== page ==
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The Truth About the Fact: An International Journal of Literary Nonfiction

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The Truth About the Fact: A Journal of Literary Nonfiction is an international journal committed to the idea that excellence in the art of letters can play a vital role in transforming the planet we share.

Friday, February 19, 2010

Collective Kindness

Earlier this week during a discussion in one of my classes, a peer brought the following words to my attention: “Men are cruel, but Man is kind.” The concept seems simple enough of course. Collectively, men are often thought to be cruel and often times, it may seem that only individuals are truly kind. Over the course of this week, I’ve had time to contemplate that very notion and ponder its implications in this modern world. Of course, in a broad sense, those words are rather ambiguous but when I applied them to a specific situation, I did seem to understand what my peer meant when he stated “men are cruel.”
Indeed, several cases in Africa that have appeared in the recent news could most certainly lead me to that conclusion. As it has been reported, it seems that forty-four albinos in Tanzania have been slain because of the mistaken belief that albino body parts provide magical powers of some sort. Apparently, witch doctors market the body parts of albinos as ingredients in potions that promise to provide ultimate riches and as a result, nearly 10,000 albinos are in hiding. When I first heard of this occurrence in Africa, I was appalled and I was struck by the cruelty of men. It is because of these cruel men who hunt albinos that several are now being forced into hiding in fear that their limbs will be viciously hacked from their bodies. It is because of these men that a ten-year old albino child was beheaded and his family will never see him again. And it is because of these men that human beings fear that they are being hunted by their fellow human beings.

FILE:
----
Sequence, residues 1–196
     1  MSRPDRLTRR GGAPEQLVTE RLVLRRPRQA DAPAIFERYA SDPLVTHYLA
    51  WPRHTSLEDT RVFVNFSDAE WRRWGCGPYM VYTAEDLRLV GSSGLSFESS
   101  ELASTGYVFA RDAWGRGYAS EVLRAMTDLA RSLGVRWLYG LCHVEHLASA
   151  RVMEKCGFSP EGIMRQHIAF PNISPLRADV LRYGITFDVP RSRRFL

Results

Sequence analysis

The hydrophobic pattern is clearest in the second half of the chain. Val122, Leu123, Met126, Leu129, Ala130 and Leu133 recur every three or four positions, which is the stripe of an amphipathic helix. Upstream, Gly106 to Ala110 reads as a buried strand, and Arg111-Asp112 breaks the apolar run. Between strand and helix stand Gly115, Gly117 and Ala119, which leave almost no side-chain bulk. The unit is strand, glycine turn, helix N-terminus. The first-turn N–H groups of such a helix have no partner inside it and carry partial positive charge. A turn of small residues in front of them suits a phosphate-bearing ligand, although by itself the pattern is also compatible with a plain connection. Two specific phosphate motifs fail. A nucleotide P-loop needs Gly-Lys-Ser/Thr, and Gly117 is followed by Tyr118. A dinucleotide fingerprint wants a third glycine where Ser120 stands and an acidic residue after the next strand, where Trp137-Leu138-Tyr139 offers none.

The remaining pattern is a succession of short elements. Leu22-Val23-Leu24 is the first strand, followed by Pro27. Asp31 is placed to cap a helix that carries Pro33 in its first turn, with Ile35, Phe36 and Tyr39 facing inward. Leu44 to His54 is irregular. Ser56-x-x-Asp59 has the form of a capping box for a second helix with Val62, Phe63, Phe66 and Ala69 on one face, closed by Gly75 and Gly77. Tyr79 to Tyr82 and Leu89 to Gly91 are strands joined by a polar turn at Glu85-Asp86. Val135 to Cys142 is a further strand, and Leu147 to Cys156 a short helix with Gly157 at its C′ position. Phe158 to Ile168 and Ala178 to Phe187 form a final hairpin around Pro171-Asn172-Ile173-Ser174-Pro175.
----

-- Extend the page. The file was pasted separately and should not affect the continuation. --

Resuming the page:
And being that in Africa, albinos are most certainly the light colored face easily spotted in the dark colored crowd, the fear of these albinos must encounter seems all the more intense. And really, a skin condition that is the result of the biological inheritance passed from both parents of an individual can’t be helped which makes this discrimination and cruelty all the more alarming. Just as alarming is the widespread belief in Zimbabwe that having sex with female albino will cure a man of HIV, which has resulted in a number of subsequent rapes.
Though it may be nearly impossible to live in a world where all men are kind and not cruel, recognizing the extent of the cruelty man imposes over his fellow man needs to happen. Somehow, this violence and injustice towards albinos needs to be recognized at an international level and awareness must be raised at once. Certainly, we cannot allow theses atrocious acts to continue. And certainly, we cannot allow the perpetuated mistaken beliefs and the lack of education, which condemns these albinos to go any further than it already has. And above all else, collectively, men should be kind. Individuals certainly are making great strides in this world with their kindness but it’s about time that humanity gets a little bit kinder. We should certainly model ourselves in the spirit of Albert Pike, in such a way that we “never forget that mankind constitutes one great brotherhood; all born to encounter suffering and sorrow, and therefore bound to sympathize with each other.” Only then can collective kindness be achieved.


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